With that, if it is not a battle over a US bid, I would certainly want to back Buenos Aires (depending on how they do with the Youth Games next year and their PanAm bid for 2023), Milan, Berlin, or Toronto. If Paris has 2024, I do not see Milan or Berlin getting a chance. But if LA has 2024, then I don't see Toronto or any other US option with a chance.

 

Now, this is all predicated on the idea that Bach and the IOC won't make one of the three host city candidates of 2024 the host city of 2028 in September during voting. If that happens, then we just have 2026 to discuss the predictions of, but we'll know more in September.

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if in the end there are no strong WOG 2026 bid from Europe and North America, perhaps Asia will host three consecutively the Winter Olympic Games.

Quote

Sapporo, Japan, February 21, 2017: The President of the Olympic Council of Asia, HE Sheikh Ahmad Al Fahad Al Sabah, believes that Asia is ready to stage a third consecutive Winter Olympics, should Sapporo decide to commit to an official bid for the 2026 edition. 

Speaking at a press conference on Tuesday, Sheikh Ahmad said Sapporo had “all the tools, all the facilities and all the experience” to organise the Winter Olympics for a second time, following the city’s hosting of the 1972 Winter Games. “I am happy to hear that Sapporo is ready to host the Olympic Winter Games. Sapporo is capable and ready,” Sheikh said.

The next two Winter Olympics will be held in Asia – at PyeongChang, Korea, next February and Beijing, China, in 2022, and Sheikh Ahmad said one of the key factors for Sapporo would be how many cities showed a firm interest to host the 2026 Winter Games. “I am happy and proud because, after Beijing, Asia will be ready to host the Olympic Winter Games again. 

“If there is a lot who bid, we will have to evaluate the situation, but if not then we have a good chance. We are ready to host a third Olympic Winter Games.” Sheikh Ahmad said Sapporo held “special memories” for the OCA, having played a pioneering role in establishing the Asian Winter Games in 1986 and now hosting the event for the third time in eight editions.

That first AWG attracted only seven teams, but that figure has grown to 32 for Sapporo 2017, including guest teams from Australia and New Zealand. “A lot of the Olympic champions have started in the Asian Winter Games, and we wish our athletes from Sapporo 2017 can win a medal at PyeongChang 2018,” he said.

“We have seen our athletes win medals at the Winter Youth Olympic Games in Lillehammer in 2016 and now we find their names in our Asian Winter Games. This is what we are trying to do – to prepare a good environment to show their talent.”

The growth of the Asian Winter Games has brought ice hockey teams from the tropical South East Asia zone playing each other, for example Malaysia v Indonesia, from the desert – Qatar v the Independent Olympic Athletes representing the suspended Kuwait Olympic Committee – and a women’s team from Qatar in the curling.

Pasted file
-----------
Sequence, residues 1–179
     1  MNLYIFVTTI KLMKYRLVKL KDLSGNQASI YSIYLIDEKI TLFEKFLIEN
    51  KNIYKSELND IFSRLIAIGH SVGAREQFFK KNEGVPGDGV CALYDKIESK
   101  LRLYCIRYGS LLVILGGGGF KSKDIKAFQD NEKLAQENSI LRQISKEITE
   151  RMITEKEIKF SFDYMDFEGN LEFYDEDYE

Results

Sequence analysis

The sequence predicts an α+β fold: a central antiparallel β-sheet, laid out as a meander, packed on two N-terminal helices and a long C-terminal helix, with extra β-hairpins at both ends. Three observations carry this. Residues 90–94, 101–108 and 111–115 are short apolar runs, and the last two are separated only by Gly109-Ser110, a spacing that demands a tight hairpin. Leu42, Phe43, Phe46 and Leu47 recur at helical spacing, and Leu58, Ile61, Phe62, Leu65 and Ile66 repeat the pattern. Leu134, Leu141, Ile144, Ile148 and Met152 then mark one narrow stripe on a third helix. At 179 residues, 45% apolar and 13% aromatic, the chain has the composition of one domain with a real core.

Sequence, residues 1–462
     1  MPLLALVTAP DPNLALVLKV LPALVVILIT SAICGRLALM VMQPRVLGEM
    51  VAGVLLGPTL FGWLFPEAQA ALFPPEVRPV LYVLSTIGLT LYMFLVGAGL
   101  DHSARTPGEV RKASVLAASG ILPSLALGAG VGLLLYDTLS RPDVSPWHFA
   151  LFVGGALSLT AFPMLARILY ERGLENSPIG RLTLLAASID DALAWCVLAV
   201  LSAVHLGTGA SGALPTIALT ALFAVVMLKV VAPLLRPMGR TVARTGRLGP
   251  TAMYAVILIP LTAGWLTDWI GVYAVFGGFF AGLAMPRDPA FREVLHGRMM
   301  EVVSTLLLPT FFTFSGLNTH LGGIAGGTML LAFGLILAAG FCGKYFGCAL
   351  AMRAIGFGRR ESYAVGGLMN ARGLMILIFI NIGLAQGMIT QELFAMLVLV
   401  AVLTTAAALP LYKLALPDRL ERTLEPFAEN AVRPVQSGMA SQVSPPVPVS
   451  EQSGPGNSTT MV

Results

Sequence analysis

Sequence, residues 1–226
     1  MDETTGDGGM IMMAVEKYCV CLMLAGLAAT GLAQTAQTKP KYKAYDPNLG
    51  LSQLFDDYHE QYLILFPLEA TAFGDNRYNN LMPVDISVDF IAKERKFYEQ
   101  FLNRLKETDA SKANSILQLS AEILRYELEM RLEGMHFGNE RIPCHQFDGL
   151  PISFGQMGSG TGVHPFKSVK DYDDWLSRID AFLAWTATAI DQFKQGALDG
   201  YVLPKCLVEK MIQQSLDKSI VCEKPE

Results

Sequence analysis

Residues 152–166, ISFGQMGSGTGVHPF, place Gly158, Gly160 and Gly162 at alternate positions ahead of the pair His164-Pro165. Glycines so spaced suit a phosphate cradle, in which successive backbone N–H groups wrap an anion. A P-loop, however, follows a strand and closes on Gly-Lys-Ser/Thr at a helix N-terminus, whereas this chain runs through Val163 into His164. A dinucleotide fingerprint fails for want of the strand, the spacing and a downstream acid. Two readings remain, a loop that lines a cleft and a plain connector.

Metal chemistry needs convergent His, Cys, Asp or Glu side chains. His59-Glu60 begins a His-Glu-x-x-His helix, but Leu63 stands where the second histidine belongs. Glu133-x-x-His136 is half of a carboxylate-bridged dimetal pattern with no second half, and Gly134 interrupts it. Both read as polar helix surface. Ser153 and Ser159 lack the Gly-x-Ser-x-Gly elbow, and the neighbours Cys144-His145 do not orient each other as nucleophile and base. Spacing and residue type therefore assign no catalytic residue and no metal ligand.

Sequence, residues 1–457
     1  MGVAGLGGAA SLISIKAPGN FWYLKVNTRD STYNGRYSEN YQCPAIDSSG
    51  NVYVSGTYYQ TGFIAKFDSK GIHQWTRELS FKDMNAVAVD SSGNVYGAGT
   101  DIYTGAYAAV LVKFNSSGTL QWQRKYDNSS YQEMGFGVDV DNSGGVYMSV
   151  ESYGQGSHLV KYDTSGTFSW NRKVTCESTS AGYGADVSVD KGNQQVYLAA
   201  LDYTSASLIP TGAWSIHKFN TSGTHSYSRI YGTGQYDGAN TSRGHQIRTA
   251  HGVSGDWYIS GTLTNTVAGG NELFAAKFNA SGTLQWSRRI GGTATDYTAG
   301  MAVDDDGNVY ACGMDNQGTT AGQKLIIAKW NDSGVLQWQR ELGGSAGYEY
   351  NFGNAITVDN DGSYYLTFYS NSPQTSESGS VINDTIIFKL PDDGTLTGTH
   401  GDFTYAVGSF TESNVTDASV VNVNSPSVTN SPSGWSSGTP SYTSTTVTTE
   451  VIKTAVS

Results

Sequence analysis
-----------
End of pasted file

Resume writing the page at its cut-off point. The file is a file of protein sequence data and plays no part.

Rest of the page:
“Before, this was like a dream,” he said. “The culture of the Games has changed in Asia.” Sheikh Ahmad reserved special praise for the people of Sapporo, commenting jokingly that “the citizens are supporting the Games more than the officials”.

After being informed that 30,000 people had attended the opening ceremony on February 19 and that a total of 40,000 people had attended the first three days of competition across the venues in Sapporo and Obihiro, Sheikh Ahmad picked out one special moment that had impressed him.

“Before the third part of the opening ceremony, the announcer asked the spectators not to take photos or record the singers on video. When this part started I was looking around, not at the beautiful performance but at the spectators – and I did not see one flash from 30,000 people! We have to respect this society – this is the fortune of Sapporo and this is why it is special.” 

Sheikh Ahmad also spoke of next year’s Asian Games in Indonesia, and described OCA sports events as a testing ground for the world, with the five new Olympic sports for Tokyo 2020 all joining the Asian Games programme. 

The Asian Youth Games in Singapore in 2009 and Nanjing in 2013 had also been dress rehearsals for the IOC’s YOG the following year in both cities, while the OCA’s Asian Beach Games concept beginning in 2008 had led to beach sports festivals in Latin America, Africa, the Mediterranean and even the first World Beach Games set for San Diego 2019 and run by the Association of National Olympic Committees.

The OCA’s five multi-sport events – Asian Games, Asian Winter Games, Asian Beach Games, Asian Indoor and Martial Arts Games and Asian Youth Games – provided a menu for National Olympics Committees of all sizes to consider hosting an event, while offering different advantages such as tourism and development, he added.

“These five Games include between 85-89 different sports for the athletes to represent their flag,” Sheikh Ahmad concluded. The host of the next Asian Winter Games has not been finalised, but he said one Chinese city had shown strong interest. Sheikh Ahmad hopes to conclude the deal in time for the General Assembly at Ashgabat, Turkmenistan, this September. "We are in a stable situation, a secure zone," he said.

source: http://www.ocasia.org